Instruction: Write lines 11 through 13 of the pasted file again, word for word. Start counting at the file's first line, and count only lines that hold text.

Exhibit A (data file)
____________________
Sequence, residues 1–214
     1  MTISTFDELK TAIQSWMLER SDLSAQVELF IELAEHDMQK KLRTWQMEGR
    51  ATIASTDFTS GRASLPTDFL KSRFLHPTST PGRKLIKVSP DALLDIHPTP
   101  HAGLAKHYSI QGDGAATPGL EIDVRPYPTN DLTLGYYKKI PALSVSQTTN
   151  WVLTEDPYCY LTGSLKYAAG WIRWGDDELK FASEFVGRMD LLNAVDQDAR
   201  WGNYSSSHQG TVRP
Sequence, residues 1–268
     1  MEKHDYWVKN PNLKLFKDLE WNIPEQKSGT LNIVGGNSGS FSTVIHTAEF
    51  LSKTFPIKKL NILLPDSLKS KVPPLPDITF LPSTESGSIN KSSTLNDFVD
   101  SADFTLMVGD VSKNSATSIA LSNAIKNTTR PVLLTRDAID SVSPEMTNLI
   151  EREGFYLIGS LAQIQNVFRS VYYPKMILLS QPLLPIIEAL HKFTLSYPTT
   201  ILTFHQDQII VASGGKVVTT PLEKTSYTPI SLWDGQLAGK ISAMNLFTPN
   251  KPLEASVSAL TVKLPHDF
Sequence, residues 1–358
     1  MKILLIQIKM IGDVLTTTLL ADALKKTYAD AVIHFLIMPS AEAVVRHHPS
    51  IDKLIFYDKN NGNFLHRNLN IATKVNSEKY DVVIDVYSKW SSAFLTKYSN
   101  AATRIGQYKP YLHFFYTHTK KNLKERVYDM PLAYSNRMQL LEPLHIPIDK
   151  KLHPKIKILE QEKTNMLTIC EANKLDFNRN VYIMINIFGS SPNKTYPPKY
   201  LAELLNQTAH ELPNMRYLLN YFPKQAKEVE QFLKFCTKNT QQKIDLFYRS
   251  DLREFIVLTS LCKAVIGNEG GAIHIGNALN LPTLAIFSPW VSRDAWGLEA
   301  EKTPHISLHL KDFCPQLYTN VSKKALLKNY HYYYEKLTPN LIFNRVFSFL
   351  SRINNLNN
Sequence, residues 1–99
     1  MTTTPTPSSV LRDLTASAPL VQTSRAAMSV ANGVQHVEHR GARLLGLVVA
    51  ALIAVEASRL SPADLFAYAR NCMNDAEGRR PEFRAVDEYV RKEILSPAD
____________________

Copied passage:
   151  EREGFYLIGS LAQIQNVFRS VYYPKMILLS QPLLPIIEAL HKFTLSYPTT
   201  ILTFHQDQII VASGGKVVTT PLEKTSYTPI SLWDGQLAGK ISAMNLFTPN
   251  KPLEASVSAL TVKLPHDF